SafetySense leaflet 7, “Aeroplane performance”, available like all such leaflets free for download from
draws attention to the reduction in acceleration on take-off, and also to the additional ground run required to stop after landing if the surface of the runway is short wet grass. Many pilots have discovered that the increase of up to 60% quoted is no exaggeration. If longer grass is wet, there is also the potential for the propeller to spray water onto the wings during the taxi and take-off phases. Certain aircraft types are known to suffer a notable loss of performance with wet wings. However, as the pilot of a Musketeer apparently found recently, the hazards of wet grass are not restricted to the decrease in take-off and landing performance. It seems that having gathered speed during a downhill taxi, when the pilot attempted to slow down and turn on the wet grass, the aircraft slid sideways into a hedge, causing damage to the wing, fuselage and tail. It is important to consider the effects on our flight of all the environmental conditions we are likely to experience on a particular day, and make appropriate allowances.
We were recently reminded when flying from a local grass field just how limiting wet grass that’s a touch long can be. We watched the farmer spend a couple of hours cutting the taxyway grass but he completely ignored the runway! Before TO we walked part of the runway to see the state of the grass, I wouldn’t have wanted it to have been any longer and any wetter and as it was our departure wasn’t achieved with loads of room to spare and proved that the time we spent calculating everything carefully with the inclusion of recommended safety factors was time well spent. The two bits we didn’t get right however were that, the farmer said the grass was OK when we phoned for PPO but on inspection after landing it was longer than it should have been, in my book anyway, and the other often forgotten trap was that the grass was DEW LADEN and it stayed like that all through the day. If we had done what many pilots do and not allow any factoring I think our departure would have been very interesting and a touch ‘agricultural’ to say the least.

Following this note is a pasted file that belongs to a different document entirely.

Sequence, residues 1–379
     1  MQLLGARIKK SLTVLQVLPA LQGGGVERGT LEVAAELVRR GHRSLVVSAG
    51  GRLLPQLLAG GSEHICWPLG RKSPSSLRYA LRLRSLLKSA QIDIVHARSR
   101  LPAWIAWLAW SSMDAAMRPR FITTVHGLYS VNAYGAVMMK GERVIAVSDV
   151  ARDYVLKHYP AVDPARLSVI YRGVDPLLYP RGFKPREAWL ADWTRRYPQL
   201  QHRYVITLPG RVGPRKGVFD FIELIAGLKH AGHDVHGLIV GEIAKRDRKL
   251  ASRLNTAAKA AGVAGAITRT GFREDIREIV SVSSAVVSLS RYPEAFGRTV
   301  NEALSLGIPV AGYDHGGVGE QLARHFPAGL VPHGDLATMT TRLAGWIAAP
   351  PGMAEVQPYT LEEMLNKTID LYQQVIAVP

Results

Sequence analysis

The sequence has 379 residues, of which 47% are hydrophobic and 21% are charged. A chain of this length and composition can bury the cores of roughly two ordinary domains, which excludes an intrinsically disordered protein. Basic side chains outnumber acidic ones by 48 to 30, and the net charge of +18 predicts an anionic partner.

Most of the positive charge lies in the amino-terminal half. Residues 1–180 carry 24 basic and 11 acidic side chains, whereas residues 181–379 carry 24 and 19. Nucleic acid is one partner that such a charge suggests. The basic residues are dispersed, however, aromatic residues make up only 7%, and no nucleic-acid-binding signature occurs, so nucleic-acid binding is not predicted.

Always consider that its not just getting into the field that counts, you generally have to get out again too and that will take more distance. If you do not believe me consider the Air India Constellation that landed at RAF Northolt instead of Heathrow, by mistake, great landing but they had to take it out in several pieces on the back of a couple of lorries!
For information on factoring see the CAA Safety Sense Leaflet
Always consider: Work out the factored calculation to get out before you consider going in(unless you are going to leave the aircraft there for good). If you can get out on the runway you will get in on it(unless conditions change in the meantime or there are slope issues)